The quartet's repertoire runs to new music with world-music flavors. Passport opens with an arrangement of five Armenian folk songs. One is broad and muscular, Copland for the South Caucasus; another is an elusive old-world sing-song. The thirteen-minute album centerpiece, second violinist Colin Jacobsen's "Brooklesca," begins with one of the most exhilarating half-minutes of chamber music I've heard. A touch of percussion sharpens the groove that's already there. The highlight of Passport is its last two tracks, by composer and fellow adventurous string player Lev "Ljova" Zhurbin. On "Crosstown," the upper strings ride a slinky plucked cello ostinato into a landscape of almost embarrassingly rich harmonies, vista after vista unfolding. The string quartet is traveling well in the 21st century, and you don't even need a classical-music passport to rock out with this one.


Richard Egarr, harpsichord
Henry Purcell: Keyboard Suites and Grounds
Harmonia Mundi

It's not just for harpsichord lovers: The prolific Richard Egarr brings to life Purcell's eight keyboard suites with warmth, sparkle, and tunefulness. The suites offer a kaleidoscopic view of all the French Baroque dance forms in miniature, along with an airy, frivolous English hornpipe or two. The style of the whole thing is gently theatrical and luxurious, from the lovely halting delicacy of the "Bell-Barr" Almand in Suite No. 7 to the cocky swagger of the same suite's Hornpipe.

The suites are interspersed with seven longer pieces on repeating ground bass patterns -- a wonderful programming touch that anchors the shifting dance movements with moments of gravity. Where Egarr highlights the dance movements' unfolding harmonic twists and turns, particularly in the short preludes that unspool to a single expectant cadence, he allows the grounds to lay out their more measured grandeur. A poignant aria from Welcome to all the pleasures turns a soprano solo into a thin, high harpsichord voice, which somehow makes it only more exquisite. The range and scope of the instrument is well plumbed in the playing and well preserved in the recording. Turn up the volume or you'll miss the last track, a dreamlike time-travel to a private musical moment, you might imagine, in some 17th-century London parlor.


Matt Haimovitz (cello), Jonathan Crow (violin), Douglas McNabney (viola)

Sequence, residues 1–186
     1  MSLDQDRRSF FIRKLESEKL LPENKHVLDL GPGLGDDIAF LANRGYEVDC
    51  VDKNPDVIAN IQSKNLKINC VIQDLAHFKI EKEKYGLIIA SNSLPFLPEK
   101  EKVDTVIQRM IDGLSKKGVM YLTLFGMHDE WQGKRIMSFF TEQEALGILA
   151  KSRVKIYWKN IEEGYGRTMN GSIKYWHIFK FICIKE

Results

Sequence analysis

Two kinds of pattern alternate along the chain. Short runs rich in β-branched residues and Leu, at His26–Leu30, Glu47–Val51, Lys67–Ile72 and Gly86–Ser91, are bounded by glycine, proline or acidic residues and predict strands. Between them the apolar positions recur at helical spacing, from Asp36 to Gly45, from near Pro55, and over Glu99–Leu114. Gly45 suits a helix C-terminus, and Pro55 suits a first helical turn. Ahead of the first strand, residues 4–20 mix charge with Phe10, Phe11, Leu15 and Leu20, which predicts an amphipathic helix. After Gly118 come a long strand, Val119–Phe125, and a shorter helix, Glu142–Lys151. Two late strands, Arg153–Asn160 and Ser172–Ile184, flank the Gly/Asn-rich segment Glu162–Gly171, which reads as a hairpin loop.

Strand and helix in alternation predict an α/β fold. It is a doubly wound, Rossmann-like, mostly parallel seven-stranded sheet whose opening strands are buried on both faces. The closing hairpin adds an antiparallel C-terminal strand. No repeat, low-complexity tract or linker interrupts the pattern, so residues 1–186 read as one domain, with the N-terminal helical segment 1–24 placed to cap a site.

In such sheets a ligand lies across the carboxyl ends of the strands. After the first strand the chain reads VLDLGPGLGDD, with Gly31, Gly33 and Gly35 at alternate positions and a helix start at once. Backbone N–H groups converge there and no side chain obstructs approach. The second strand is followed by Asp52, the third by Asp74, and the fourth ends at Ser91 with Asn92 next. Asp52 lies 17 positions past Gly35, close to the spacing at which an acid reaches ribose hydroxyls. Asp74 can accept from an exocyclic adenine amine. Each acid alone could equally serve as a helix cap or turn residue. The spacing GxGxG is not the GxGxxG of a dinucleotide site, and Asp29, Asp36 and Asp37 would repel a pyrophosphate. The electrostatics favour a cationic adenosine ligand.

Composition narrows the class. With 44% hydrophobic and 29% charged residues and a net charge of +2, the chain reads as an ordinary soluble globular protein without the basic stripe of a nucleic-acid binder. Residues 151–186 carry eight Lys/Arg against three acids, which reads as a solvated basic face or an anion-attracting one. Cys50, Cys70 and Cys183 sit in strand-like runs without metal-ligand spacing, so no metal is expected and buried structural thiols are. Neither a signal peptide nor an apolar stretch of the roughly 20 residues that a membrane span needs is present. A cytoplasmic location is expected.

J.S. Bach, Goldberg Variations
Oxingale Records

Matt Haimovitz gets top billing here -- a few years ago the world-class young cellist won applause for his mission to play solo Bach across small-town America. But the three musicians on this album are equals. Colleagues in the string department at McGill University who had already recorded a Mozart album together, they share the kind of warm, congenial chamber-music interplay that rarely happens all the way. Beyond their lovely technique and sound and their exquisite musical sensitivity, the recording manages to capture a really special musical intimacy. You can literally hear the players listening to each other.

Their camaraderie is all the more remarkable given that the piece is Bach's Goldberg Variations, ordinarily the epitome of solitary music (not least when it came to the reclusive Glenn Gould). In the keyboard original, the music's "plot" lies in moving from the plainness of the opening Aria theme into the increasing complexity of the variations, and the reprise of the Aria at the end sounds a bit empty, as if all that decoration was just a dream. Dmitri Sitkovetsky's little-known arrangement for string trio turns the monologue into a conversation. In this performance, the Aria is rich and subtle and full of life. The musicians honor the transparency of the writing, hovering with delicate vibrato in its spaciously breathed phrases. When it comes back after the variations' bustle and grandeur, the reprise is all the sweeter.


See reviews for: Classical - Indie - Jazz

LM


Michael Connolly teaches and performs traditional American and Irish music on fiddle and mandolin. He lives in Seattle, Washington.